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TAS debuts impact measurement system to track sustainability goals

Firm's second annual report focuses on developments at two key Toronto projects

IMAGE: Bricks recycled at 2 Tecumseth
Some of the bricks being diverted from landfill at TAS' 2 Tecumseth St. development. (Courtesy TAS)

Toronto-based real estate developer TAS has released its second annual impact report, which features the debut of its impact measurement system – showcasing around 930 indicators it is using to track progress along sustainable and social metrics.

A highlight of the report is the company's development at 2 Tecumseth St. in Toronto, where it is reusing approximately 21,000 tonnes of salvaged material such as brick, precast concrete, steel rafters, tracks and concrete slabs. 

The report also showcases TAS’ whole-life net-zero pilot project at 880 Eastern Ave. in Toronto’s Leslieville neighbourhood, where it aims to develop the country’s first net-zero mid-rise building.

“The biggest highlight is really unpacking the framework and the strategic activities, and then going deeper in terms of understanding what the metrics are that we have begun to measure, what they align to broadly across the industry, and then really specific to the work that we're doing,” Liza Stiff, TAS’ vice-president of impact, implementation and innovation, told SustainableBiz.

“Then really understanding that we're both building that framework and software and metrics, but also we're working with our pipeline of projects at the same time.”

TAS has an active development pipeline and a portfolio totalling over seven million square feet across 22 properties throughout the Greater Toronto and Hamilton Area. It has a goal of achieving net-zero emissions by 2045.

2 Tecumseth and 880 Eastern

When the five-acre site of a former abattoir at 2 Tecumseth is ready for occupancy in 2026, it will consist of seven buildings: two towers, one mid-rise and four low-rises, translating to 1,000 new homes.

It has also diverted 93 per cent of its waste – nearly 32,000 tonnes – from landfill. This includes what was reused.

The 12-storey 880 Eastern Ave. project originated a couple of years ago when TAS was testing whether it would be able to complete an all-mass-timber residential project. The company went with a low-carbon material coverage, and at the same time was undergoing a sweeping embodied carbon analysis.

“Then fast forward to Leslieville, and we had done our embodied carbon analysis across our portfolio. What we wanted to do was then ratchet down and understand, on a project like Leslieville, how we could really lean into both the structural system (and) the moves of the building,” Stiff said.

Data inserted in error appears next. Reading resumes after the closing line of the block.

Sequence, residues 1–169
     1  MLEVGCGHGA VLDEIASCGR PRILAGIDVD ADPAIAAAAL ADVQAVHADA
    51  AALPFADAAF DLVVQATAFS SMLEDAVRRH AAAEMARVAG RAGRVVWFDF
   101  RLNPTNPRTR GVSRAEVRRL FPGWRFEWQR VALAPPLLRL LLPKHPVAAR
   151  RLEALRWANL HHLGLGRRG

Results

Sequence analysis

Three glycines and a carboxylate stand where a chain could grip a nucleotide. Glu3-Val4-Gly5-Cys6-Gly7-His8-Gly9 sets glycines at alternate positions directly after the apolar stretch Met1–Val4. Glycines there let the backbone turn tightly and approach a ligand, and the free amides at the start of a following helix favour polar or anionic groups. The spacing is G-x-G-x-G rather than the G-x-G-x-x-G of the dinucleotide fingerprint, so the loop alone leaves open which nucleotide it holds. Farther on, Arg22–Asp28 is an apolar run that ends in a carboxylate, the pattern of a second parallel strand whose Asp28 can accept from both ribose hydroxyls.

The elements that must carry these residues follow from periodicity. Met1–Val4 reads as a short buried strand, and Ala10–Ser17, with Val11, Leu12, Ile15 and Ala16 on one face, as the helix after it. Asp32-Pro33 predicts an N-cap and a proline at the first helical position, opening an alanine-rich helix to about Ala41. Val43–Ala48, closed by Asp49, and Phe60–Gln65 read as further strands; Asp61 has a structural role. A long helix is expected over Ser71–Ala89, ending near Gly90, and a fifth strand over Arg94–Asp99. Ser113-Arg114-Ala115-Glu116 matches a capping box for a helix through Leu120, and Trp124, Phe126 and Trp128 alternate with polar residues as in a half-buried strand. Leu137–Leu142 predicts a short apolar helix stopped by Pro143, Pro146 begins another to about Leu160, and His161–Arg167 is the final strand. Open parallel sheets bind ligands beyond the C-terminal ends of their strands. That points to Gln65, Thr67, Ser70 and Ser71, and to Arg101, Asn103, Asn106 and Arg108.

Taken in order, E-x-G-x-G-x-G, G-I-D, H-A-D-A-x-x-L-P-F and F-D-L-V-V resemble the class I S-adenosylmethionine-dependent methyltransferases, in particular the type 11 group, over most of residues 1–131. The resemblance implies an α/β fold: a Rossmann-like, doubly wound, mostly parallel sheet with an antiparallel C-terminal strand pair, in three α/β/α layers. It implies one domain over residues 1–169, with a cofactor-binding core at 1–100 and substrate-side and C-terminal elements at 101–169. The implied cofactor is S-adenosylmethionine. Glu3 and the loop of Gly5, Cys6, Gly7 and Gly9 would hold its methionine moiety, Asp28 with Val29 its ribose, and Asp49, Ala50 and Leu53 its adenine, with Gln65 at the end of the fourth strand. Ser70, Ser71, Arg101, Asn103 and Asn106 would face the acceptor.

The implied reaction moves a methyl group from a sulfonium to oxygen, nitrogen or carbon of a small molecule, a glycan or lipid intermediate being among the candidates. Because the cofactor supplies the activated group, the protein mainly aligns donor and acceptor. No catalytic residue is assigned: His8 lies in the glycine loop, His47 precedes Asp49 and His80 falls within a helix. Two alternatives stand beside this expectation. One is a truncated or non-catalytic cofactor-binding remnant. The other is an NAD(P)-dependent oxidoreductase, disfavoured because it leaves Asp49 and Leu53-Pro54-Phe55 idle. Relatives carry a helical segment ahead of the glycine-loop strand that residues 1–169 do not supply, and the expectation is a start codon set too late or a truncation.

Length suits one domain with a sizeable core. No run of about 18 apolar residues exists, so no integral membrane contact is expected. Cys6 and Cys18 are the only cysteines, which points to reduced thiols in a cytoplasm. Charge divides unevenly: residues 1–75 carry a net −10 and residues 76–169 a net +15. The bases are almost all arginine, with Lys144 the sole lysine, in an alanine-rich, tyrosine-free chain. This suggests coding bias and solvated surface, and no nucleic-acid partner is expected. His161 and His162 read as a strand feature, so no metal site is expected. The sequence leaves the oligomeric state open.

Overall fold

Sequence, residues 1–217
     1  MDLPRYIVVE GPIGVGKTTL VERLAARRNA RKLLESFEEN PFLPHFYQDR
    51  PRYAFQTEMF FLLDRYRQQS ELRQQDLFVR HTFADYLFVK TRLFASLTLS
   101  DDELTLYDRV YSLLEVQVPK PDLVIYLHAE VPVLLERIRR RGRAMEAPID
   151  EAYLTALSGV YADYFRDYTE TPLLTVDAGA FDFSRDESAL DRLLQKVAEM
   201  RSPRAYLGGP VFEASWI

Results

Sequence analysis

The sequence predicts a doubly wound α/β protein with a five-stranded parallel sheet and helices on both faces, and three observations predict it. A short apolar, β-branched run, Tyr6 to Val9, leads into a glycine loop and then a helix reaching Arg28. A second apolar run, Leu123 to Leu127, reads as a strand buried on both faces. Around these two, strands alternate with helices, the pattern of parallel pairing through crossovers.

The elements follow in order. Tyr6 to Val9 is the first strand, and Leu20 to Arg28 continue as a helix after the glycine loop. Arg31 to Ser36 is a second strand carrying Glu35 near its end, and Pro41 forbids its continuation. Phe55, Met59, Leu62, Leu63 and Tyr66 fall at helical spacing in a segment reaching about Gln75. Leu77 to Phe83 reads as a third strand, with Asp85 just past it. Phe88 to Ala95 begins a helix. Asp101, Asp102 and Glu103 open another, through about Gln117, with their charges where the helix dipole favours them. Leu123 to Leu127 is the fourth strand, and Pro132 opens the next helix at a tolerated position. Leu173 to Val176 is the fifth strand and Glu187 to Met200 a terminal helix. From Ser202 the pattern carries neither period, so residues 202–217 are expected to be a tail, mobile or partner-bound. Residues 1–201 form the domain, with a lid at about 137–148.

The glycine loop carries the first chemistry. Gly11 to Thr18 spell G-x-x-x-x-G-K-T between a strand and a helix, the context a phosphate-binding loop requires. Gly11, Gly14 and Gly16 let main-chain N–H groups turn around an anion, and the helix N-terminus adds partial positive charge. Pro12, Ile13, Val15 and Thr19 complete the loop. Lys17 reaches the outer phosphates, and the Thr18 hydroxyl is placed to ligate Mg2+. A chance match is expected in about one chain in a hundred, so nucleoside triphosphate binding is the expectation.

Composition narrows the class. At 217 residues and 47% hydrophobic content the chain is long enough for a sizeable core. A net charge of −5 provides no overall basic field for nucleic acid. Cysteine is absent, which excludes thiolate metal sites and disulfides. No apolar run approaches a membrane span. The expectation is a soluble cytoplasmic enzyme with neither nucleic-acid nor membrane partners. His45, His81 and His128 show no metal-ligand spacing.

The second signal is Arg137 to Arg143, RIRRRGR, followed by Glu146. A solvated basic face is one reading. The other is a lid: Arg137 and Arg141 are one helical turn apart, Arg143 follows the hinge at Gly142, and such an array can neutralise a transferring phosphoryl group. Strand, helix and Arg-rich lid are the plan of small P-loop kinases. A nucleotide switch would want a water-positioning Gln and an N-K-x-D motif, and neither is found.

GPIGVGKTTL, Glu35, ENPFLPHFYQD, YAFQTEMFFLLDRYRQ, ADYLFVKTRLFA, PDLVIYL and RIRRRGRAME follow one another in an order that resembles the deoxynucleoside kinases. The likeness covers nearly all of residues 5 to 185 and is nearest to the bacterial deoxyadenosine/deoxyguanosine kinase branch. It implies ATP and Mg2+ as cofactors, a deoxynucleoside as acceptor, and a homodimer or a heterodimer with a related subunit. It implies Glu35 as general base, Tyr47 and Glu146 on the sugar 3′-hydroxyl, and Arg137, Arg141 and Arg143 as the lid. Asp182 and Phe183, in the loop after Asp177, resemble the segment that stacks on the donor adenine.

“So removing a level of parking, looking very seriously at step-backs and buildings and (removing) transfer slabs and just by making some very simple moves at a very concept schematic level of a base building, how we could ratchet down those carbon-intensive materials.”

TAS states these measures will result in a 37 per cent decrease in embodied carbon emissions. It predicts a further 29 per cent reduction through the use of aspects such as cladding and the implementation of a geothermal system.

Construction is slated to begin in winter 2024, which will create 180 new housing units.

Upon its acquisition, TAS underwrote a carbon budget into the project plan based on the cost of carbon removal. For net-zero certifications, it will aim for the Canada Green Building Council’s Zero Carbon Building Standards.

TAS also began using life-cycle analysis software to determine embodied carbon emissions at eight of its developments.

TAS’ impact measurement system

TAS worked with Salt Lake City-based Sorensen Impact Center over the last two years as peer reviewers to demonstrate how the actions taken as a result of its indicators will lead to the desired outcomes.

The indicators are grouped into 18 strategic activities encompassing a wide range of factors affecting a building over its lifetime. These include operational and embodied greenhouse gases, waste, climate risk management and community engagement.

“If you take, for example, building materials harm, within that, you've got to look at where they're (the building materials) coming from, what type of chemicals would be put into the materials or . . . put into the atmosphere or the worker working on those materials,” Stiff explained.

“So they're quite in depth in terms of how to measure some of those things.”

The company has been working on the system for over two years. It aligns with the internationally-recognized Common Impact Data Standard and Impact Management Norms. It also incorporates IRIS+ social and environmental impact metrics managed by the Global Impact Investing Network.

“It's not that they're really bespoke (indicators), particularly in the sustainability side. They're all very much cross-checked with more regular industry standards that the industry knows. And that's really because there's a practical side to it,” Stiff said.

“We’re using the universal language of sustainability, but wanting a thorough understanding of the metrics and pushing where we're spending our money and making our decisions.”

EDITOR'S NOTE: This article was amended after being published to add updated statistics on the quantity of recycled materials, based on new information supplied by TAS. The Canada Green Building Council’s design and operational standard was amended to name it by its formal title.

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